This is how OS X time machine works. Time machine stores changes in the data base and undoes any saves until you get back to the version you want. It is also why you can simply connect a new Mac to your old one and bring over all of your data in a few hours and start working on the same system. My experience is that old software still eventually starts to crust things up over time. OS X does all of this, but it has weak filesystem support with hfs+. I am looking forward to when Apple gets around to replacing it! A clean install is still best practice for a new machine. I haven't had to do one since 2003 so I talking theoretically :-).

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Boffin

Re: OS X has this built in (yeah for unix!)

They were going to use ZFS, which would've been awesome given how ZFS is both a volume manager *and* a filesystem. Unfortunately, Apple didn't go through with licensing ZFS (which would've been much easier in the pre-Oracle Sun) which I suspect has something to do with Jobs' dick-wavering.

Oh well, we *do* have MacZFS, so it can be used on Macs, just without it being the bootable FS. Or encrypted using FileVault...

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Bronze badge
Unhappy

That "Rich" Buzzword

FTFA :- "We had a RICH database blah blah blah your cloud store will be RICH with schema blah blah blah and the client will be a partial replica of it with RICH schema understanding."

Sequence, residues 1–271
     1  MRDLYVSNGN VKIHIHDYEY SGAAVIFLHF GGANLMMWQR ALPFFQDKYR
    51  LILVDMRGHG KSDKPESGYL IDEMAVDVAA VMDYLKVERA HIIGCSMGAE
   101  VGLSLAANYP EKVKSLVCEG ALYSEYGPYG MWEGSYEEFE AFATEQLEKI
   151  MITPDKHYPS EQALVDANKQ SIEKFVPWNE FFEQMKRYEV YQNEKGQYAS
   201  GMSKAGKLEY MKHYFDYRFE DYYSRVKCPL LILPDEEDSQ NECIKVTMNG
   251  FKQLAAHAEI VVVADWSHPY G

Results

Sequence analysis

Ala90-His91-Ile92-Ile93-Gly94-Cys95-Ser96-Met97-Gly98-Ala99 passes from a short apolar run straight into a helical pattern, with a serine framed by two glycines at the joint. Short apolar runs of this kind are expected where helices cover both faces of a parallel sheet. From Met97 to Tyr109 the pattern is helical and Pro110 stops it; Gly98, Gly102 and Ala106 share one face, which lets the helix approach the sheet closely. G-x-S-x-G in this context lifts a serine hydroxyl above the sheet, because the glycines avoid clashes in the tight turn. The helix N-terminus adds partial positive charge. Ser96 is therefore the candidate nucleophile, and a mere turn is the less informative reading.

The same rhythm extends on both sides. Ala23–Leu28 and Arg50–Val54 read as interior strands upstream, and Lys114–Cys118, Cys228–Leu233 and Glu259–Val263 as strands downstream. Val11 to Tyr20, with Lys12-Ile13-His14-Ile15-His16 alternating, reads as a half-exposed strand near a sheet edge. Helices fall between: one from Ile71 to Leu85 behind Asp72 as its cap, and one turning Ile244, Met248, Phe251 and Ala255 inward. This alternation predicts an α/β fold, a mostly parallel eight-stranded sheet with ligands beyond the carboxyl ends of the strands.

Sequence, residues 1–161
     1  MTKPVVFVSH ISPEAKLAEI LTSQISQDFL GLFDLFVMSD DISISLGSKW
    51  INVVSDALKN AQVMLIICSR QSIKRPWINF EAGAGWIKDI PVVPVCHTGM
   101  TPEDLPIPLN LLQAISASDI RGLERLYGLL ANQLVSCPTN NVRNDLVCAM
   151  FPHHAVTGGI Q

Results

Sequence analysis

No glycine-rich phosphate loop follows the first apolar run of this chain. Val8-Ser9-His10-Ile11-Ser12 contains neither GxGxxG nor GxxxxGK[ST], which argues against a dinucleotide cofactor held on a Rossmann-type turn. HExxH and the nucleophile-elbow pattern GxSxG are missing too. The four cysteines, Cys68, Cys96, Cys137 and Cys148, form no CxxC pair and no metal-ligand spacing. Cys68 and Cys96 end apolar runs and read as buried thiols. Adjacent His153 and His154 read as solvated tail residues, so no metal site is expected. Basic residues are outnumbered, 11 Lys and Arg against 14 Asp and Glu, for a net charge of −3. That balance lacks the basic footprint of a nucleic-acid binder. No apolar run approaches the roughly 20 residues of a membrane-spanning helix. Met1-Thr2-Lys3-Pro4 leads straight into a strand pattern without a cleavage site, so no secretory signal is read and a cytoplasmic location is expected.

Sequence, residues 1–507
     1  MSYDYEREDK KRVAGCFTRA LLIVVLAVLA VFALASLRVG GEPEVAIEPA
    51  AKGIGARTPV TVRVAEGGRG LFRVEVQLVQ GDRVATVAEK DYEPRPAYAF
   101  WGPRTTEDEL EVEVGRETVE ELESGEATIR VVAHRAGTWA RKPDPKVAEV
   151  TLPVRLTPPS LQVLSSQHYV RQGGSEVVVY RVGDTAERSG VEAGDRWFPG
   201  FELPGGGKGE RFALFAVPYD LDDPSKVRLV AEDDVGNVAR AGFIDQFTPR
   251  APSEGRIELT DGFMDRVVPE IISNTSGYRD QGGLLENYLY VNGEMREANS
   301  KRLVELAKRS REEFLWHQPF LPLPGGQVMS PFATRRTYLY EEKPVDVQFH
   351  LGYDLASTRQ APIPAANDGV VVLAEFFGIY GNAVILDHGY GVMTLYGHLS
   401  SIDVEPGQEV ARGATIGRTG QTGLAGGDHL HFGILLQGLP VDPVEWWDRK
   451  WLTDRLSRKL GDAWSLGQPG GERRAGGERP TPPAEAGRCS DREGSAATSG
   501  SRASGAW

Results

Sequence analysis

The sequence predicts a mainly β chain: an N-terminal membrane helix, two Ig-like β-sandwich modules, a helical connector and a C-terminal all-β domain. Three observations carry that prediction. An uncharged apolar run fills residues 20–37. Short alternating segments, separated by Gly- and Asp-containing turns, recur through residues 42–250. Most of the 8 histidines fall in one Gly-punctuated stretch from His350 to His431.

Why do I cringe whenever I hear the word "rich" in the context of some new scheme? Is it because it flags that someone is going to ram an idea down my throat that they think is great but I don't?

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Anonymous Coward

remote web servers to access structured and unstructured data stored in WinFS on the PC

What could go wrong?

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Anonymous Coward

Re: remote web servers to access structured and unstructured data stored in WinFS on the PC

Just like running your web server from an NFS mount, but with more richness in how and what you can access.

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Anonymous Coward

If Bill is feeling real badly...

...he could rebate every Microsucks O/S consumer in the world 3 million Euro for the abuse they have endured being forces to use such a POS O/S.

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Database as filesystem is so 1980

We had that when I worked on the Pick Operating System back in the 1980s.

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Re: Database as filesystem is so 1980

Yes, exactly.

Maybe I missed the point but the whole line that this was a revolutionary idea and so ahead of its time seemed odd to me. However I too spent a fair bit of time working on the old Pick boxes, and then the Power95 version on AIX, then on the UniData version.

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Silver badge

If Mr Gates so misses WinFS, and if it really is that good , the simple answer is to release the specification and code as open source and let the rest of the world decide how useful it is.

There are benefits and drawbacks to all file systems, so in a philanthropic gesture MS could easily help the world be a more secure place.

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too much for...mega-company to exclusively own

For which we give thanks to our respective deities every day.

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Happy

Longhorn

The code name Longhorn was one of the most appropriate chose.

The final product certainly was a cow.